Negative Gearing. What's it all About?
Written on the 1 October 2013 by Callum Scott
Negative gearing is encountered in many property investment scenarios, especially residential. So what is it? In a nutshell, it means you are spending more money on your investment than you are getting back. So why would you do this? The answer is that eventually you will make a profit that justifies a negative net cash flow over a period of time.
You run at a loss for part, or all, of your investment’s life and are compensated by a gradual change to positive cash flow as time passes and/or you make a capital gain on the sale of the property that more than compensates you for the net outgoings over time.
Let’s look at an example. You’ve bought a brand new investment property and have a price for all the items that you can depreciate. You rent it out for six months and then it’s time to do your tax return.
Total Costs $16,862
Negative Gearing part 1
So you see that you are running at a loss of $6,062 but you’ve done your homework and are sure that in the long term you will make on the capital gain when you eventually sell.
Now let’s look at the depreciations. What does this mean? Certain items in the property will eventually wear out and will have to be replaced. The Australian Tax Office (ATO) regards this as a legitimate business expense allowable against tax paid by the investor. They even issue rates of depreciation that you can use for this process.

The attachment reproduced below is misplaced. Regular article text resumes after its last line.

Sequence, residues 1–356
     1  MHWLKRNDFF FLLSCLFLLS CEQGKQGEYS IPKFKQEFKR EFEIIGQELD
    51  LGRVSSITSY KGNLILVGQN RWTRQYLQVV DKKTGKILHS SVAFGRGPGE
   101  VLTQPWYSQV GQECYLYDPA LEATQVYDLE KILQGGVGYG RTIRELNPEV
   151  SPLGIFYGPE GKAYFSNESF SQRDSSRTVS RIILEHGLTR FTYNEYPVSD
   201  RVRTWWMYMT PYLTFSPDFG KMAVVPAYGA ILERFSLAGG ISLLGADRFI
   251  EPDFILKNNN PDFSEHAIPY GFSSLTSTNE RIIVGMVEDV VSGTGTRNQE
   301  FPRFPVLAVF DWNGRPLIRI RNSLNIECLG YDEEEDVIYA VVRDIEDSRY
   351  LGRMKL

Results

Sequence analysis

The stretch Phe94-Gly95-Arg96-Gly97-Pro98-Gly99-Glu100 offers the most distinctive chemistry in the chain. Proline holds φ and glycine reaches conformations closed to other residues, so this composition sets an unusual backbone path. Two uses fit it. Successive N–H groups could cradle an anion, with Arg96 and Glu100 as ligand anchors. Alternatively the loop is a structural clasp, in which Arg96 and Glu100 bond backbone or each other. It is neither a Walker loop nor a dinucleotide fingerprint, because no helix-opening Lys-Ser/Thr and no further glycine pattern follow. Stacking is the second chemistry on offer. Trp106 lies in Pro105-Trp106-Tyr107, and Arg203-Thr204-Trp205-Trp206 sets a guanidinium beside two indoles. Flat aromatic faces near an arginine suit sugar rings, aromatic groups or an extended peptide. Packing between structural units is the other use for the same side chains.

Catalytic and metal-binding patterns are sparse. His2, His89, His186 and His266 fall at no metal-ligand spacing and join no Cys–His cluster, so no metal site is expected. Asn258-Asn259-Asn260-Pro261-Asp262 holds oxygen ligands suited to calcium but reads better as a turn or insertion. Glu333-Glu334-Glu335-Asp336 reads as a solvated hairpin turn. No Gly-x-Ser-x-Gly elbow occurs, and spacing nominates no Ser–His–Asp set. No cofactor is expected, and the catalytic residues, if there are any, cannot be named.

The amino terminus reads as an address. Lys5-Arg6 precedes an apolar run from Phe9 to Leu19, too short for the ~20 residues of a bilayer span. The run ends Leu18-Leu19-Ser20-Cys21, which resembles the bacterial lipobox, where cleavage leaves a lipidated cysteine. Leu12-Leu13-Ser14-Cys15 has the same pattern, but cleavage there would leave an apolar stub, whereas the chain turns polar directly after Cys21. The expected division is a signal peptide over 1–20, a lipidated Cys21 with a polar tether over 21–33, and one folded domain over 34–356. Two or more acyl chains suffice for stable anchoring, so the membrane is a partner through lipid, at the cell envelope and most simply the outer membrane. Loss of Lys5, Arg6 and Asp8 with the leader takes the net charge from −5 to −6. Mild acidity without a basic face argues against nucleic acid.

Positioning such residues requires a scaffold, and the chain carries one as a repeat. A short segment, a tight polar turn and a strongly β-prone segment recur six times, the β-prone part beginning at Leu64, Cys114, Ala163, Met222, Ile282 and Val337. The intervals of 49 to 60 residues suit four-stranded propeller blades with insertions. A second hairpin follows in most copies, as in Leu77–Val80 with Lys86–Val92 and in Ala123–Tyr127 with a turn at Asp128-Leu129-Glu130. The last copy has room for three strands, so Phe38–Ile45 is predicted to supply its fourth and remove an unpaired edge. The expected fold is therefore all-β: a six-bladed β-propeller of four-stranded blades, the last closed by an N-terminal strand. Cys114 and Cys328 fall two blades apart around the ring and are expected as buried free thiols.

Let’s look at how we do this.
Firstly we’ll list the items we can depreciate and the yearly rate that the ATO recommends for depreciation.
Building $192,730 2.5%
Note that the building structure itself has a depreciation allowance.
Now we'll calculate the amount of the depreciations.
|Hot water System||$52|
Now with this part of negative gearing you are not actually paying any money out. You’ve already paid for all these items. What we have here is an estimate of their drop in value due to age, wear and tear. But this is still a legitimate business expense allowable against other tax paid by the investor.
Combining the two parts of negative gearing we see that there is a total cost of
$6062 + $3946 = $10,008
Thus, let’s assume a tax rate of 45% at this time, noting that this will vary with the investor and over time as the ATO can change marginal tax rates:
reduction in tax payable = 45% of $10,008 = $4,504
Bear in mind that as the property ages eventually the depreciations will reach zero.
Note also that the higher the marginal tax rate of the investor, the more effective is this allowance.
If you buy an older investment property it may be sensible for you to have these items valued by a professional before you depreciate for tax purposes and get advice from your accountant and financial advisor.
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